Flashback Friday: Ever wonder how they test condoms? Behold the "laboratory coital model."



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Fig. 1.Coital model at SSL Cambridge Technical Centre. It's probably not surprising that condoms are put through rigorous testing by their manufacturers. And it probably makes sense that the machines used would look...realistic. Here, the makers of Durex condoms report the results of this testing, along with evaluations of returned broken condoms (eww!), over a period of 7 years. They found that most of the breakage that was not due to misuse was due to "blunt puncture," where "the tip of the thrusting male penis progressively stretches one part of the intact condom wall until it ultimately breaks." They are careful to note that this is not a manufacturing defect, but simply due to "the circumstances that arise during an individual act of intercourse." 

Male condoms that break in use do so mostly by a “blunt puncture” mechanism.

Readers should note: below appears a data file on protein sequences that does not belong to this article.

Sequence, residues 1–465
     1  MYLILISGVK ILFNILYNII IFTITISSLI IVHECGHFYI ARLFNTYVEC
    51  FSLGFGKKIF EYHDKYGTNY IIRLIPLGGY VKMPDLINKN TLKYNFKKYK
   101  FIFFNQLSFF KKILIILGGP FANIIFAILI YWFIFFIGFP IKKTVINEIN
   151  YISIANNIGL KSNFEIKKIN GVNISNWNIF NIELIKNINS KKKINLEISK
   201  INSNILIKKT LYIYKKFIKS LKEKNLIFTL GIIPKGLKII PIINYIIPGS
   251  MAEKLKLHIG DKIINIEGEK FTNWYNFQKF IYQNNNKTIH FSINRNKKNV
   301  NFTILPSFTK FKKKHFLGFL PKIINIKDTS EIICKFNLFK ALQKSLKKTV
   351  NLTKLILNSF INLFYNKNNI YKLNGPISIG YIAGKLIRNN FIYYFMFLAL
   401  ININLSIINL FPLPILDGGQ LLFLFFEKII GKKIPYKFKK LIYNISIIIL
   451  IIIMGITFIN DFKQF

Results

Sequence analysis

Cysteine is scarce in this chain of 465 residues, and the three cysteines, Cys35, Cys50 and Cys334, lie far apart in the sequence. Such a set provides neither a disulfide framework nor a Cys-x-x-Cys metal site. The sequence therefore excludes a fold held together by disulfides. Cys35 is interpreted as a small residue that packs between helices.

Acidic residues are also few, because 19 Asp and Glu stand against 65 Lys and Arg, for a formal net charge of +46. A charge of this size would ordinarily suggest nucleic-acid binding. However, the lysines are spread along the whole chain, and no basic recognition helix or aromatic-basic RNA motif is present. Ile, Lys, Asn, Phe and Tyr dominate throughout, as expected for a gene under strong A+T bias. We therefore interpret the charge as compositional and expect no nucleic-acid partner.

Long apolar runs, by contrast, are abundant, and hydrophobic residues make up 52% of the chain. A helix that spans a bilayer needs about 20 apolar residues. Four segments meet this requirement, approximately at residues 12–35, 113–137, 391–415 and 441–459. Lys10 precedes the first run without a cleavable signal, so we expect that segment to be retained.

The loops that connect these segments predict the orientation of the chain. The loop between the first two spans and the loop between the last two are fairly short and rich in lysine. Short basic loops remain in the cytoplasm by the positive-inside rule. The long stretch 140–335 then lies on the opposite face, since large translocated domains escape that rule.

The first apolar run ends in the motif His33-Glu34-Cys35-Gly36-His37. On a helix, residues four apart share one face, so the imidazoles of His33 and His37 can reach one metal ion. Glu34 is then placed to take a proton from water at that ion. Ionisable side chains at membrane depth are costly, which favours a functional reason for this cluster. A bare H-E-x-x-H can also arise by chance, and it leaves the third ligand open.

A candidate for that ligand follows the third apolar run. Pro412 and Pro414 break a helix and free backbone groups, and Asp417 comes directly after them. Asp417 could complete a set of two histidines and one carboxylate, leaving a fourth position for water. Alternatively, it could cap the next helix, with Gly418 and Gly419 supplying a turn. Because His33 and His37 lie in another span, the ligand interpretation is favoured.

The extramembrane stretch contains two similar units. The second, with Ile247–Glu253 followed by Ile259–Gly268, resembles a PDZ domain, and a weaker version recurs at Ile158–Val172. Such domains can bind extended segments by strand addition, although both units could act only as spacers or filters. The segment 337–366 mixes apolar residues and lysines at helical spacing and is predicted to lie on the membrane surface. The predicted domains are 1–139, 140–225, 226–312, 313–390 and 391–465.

"BACKGROUND: Published condom breakage studies typically report the percentage of failures but rarely provide any evidence on the mechanism of failure. METHODS: Over a period of 7 years, broken condoms returned to a supplier (SSL, Durex) via consumer complaints were examined to determine the cause of failure. Also, some consumers who reported breakage but did not return condoms were sent a questionnaire on the causes of breakage. Finally, theories proposed for the mechanism of breakage were investigated on a laboratory coital model. RESULTS: Nearly 1000 (n=972) returned condoms made from natural rubber and polyurethane were examined. Visible features on those that were broken, were classified. Evidence combined from examining returns, questionnaire responses and the coital model strongly suggests a single predominant mechanism of failure we named "blunt puncture," where the tip of the thrusting male penis progressively stretches one part of the intact condom wall until it ultimately breaks. CONCLUSIONS: Blunt puncture appears to be the mechanism of breakage responsible for more than 90% of condom breakage not attributable to misuse. Knowledge of the main mechanism of breakage should help develop better user instructions, better test methods and, ultimately, better condoms."

Related content: Friday Flashback: Accidental condom inhalation.

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